Tony Cheeseman’s passing in 2009 motivated 5 of his friends to create an organisation that would not only celebrate his life and contribution to the African and Caribbean community but celebrate the wider heritage of the Caribbean community in the East End of London and neighbouring Boroughs.
As the Caribbean community structure has significantly changed over the last 50 years and the passing of many of the community’s activists who helped promote the resilience of the community; The Foundation has made a commitment to the preservation of the heritage of the community.
The community conferences organised by the Tony Cheeseman Foundation have been a great source of inspiration for those that have attended. It has provided elders with an opportunity to reminiscence and share stories of traditions that were a source of support during very difficult times. For the younger generation they provided new insight and knowledge about their heritage and community. Discovering and reminding the community of traditions that helped it overcome difficult times is very important particularly when the community is so often portrayed negatively both within and outside of the community.
Tony Cheeseman recognised the relevance of African and Caribbean traditions and culture as an important context for the development of African and Caribbean communities and an antidote against the devastating impact of racism that the community continues to face.
Most of the centres and institutions that were set up by the community in the 1960’s, 1970’s and 1980s in Britain, have now disappeared and lost. The Performing Arts Centre founded by Tony Cheeseman is now a McDonald’s fast food outlet. There is no reminder or plaque to mark its significance to the heritage of African and Caribbean communities.
‘Many studies that explore the African and Caribbean community life in the UK are often littered with negative stories and one where the community is viewed as a community of ‘need’ rather than one of ‘strengths and assets’. These studies have done little to understand how minority ethnic communities utilise their connections, networks and resources for collective and personal benefit.’ (Reynolds.2004)
The Tony Cheeseman Foundation is committed to celebrating the communities ability to come together to overcome challenges and tap into its collective strengths. Share stories that aim to inspire community resilience, foster greater intergenerational dialogue and a sense of hope for the future. I salute the Foundation in its mission to promote community resilience through presenting and promoting the rich heritage of the African and Caribbean communities’ experiences. Celebrating our rich heritage is an important foundation for a more resilient future.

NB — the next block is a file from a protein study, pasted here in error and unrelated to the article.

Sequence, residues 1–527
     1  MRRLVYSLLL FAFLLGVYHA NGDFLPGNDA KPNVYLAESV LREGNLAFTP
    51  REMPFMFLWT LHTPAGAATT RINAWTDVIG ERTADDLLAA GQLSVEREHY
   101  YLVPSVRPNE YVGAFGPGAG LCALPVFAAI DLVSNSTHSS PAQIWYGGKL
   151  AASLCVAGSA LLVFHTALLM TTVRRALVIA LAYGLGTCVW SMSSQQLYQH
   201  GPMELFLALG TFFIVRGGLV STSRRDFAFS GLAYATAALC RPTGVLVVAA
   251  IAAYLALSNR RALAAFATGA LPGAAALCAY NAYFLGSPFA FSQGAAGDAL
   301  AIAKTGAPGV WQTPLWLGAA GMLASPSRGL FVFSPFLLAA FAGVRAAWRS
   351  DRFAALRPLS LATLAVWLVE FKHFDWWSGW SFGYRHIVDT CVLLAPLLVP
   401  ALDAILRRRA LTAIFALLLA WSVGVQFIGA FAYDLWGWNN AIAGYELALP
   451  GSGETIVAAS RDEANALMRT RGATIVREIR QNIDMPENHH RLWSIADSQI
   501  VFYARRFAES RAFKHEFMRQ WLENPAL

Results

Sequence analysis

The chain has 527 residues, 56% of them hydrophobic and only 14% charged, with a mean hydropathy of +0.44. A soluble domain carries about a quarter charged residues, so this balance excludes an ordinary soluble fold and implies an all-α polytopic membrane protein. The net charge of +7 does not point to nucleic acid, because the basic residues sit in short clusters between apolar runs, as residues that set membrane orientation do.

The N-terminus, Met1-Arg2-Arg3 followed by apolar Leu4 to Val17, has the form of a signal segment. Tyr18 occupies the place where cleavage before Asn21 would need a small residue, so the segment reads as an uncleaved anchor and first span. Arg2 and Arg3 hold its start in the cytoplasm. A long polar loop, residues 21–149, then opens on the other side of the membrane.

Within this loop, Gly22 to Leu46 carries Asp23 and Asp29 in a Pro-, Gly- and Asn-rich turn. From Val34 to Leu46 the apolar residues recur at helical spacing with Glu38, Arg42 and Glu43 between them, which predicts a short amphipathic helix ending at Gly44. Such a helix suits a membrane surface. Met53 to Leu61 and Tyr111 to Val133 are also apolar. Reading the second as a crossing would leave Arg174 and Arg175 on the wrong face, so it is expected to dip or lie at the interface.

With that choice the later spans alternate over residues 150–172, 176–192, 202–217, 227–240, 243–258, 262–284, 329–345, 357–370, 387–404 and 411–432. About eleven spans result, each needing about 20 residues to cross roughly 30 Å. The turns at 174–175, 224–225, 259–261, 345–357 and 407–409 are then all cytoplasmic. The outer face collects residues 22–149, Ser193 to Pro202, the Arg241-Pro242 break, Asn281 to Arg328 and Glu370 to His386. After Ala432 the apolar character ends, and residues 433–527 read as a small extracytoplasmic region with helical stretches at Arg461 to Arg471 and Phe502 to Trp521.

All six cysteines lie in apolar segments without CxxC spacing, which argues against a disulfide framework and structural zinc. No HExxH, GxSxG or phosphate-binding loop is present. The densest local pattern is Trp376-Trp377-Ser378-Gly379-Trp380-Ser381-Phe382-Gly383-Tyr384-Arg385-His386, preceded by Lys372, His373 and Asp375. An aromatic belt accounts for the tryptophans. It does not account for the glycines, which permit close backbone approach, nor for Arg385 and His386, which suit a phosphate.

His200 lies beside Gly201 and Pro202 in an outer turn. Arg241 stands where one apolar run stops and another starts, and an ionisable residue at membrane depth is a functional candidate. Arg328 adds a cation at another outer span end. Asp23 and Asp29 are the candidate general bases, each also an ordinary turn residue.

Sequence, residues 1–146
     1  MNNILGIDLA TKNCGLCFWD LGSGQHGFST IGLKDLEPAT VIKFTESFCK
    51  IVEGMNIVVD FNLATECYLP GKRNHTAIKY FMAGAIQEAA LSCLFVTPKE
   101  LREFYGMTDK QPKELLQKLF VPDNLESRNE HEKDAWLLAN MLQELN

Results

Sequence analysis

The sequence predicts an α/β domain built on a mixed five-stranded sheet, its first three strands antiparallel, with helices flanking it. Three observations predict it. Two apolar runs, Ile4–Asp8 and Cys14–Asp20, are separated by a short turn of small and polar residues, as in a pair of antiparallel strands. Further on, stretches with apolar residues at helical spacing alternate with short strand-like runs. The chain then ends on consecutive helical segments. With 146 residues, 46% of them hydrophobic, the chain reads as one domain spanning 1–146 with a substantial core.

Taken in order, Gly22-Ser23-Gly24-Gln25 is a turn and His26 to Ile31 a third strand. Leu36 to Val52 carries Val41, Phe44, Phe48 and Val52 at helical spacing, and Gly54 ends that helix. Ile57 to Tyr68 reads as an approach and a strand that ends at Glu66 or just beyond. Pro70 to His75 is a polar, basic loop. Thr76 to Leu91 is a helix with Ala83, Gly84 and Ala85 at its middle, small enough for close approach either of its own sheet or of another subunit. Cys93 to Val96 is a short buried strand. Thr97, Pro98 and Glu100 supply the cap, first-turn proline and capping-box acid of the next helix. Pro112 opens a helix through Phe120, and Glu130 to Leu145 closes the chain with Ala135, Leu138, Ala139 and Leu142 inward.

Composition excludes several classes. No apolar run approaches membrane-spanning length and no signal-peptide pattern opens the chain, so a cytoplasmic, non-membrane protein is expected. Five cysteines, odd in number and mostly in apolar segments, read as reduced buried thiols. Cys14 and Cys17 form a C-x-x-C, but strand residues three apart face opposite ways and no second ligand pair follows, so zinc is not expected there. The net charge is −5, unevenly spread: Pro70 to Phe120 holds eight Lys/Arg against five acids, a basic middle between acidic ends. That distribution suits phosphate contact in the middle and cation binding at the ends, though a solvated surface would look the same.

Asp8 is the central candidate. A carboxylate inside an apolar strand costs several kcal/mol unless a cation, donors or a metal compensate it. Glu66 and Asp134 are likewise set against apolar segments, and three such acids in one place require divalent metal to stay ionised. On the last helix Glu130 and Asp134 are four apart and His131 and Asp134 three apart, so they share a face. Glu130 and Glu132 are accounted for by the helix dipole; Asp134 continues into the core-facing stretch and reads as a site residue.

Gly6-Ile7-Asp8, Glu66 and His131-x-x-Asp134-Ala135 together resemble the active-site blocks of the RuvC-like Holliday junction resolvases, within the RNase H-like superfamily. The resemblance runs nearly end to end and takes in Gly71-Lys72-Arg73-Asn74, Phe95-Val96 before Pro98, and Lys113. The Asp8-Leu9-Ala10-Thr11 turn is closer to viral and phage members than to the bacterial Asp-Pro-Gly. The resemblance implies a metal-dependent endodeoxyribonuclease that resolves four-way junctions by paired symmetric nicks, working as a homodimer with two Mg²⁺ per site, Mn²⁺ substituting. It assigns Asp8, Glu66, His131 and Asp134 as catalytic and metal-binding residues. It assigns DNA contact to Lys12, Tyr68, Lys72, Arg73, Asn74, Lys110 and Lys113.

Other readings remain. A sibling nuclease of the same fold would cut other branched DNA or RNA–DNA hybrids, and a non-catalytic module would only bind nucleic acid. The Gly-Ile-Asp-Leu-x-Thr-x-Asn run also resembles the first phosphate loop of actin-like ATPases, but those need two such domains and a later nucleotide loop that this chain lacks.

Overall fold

1. Organisational Development – Continue to ensure that the Foundation has a range of policies and procedures to guide its work. (To work on capturing the expected outcomes of the Foundation’s work and how this can be measured. Hold future facilitated sessions to agree outcomes and their measurement.)
2. To build connections with young people and identify potential partners and agree the nature of working links with schools, e.g. year group, relevance to curriculum and engagement strategy.
3. Beneficiaries – To expand and build on our membership base including developing mechanisms for members to become more involved in the work of the Foundation.
4. Resources – Secure resources by making applications to Funding bodies.
5. To celebrate Tony Cheeseman musical legacy.
6. To create a website to promote the work of Tony Cheeseman and the Foundation, also to encourage community participation and involvement
7. Continue working with Newham Heritage Services, the National Archives, and other Heritage organisations.
8. Continue promoting the Banner exhibition ‘From Discovery to Independence – Highlighting the journey of Sugar from the Caribbean to the London Borough of Newham.’
Acknowledgement and special thanks to
Sandra Griffiths – Red Earth Consultancy, Marie Gabriel Consultancy, The Windrush Foundation Sam King MBE and Arthur Torrington CBE
National Archives – ‘Caribbean through a lens’ Sara Griffiths, Sandra Shakespeare and Michael Mahoney.
If you want to read the full report click here Tony Cheeseman Foundation Review 2012 – 2015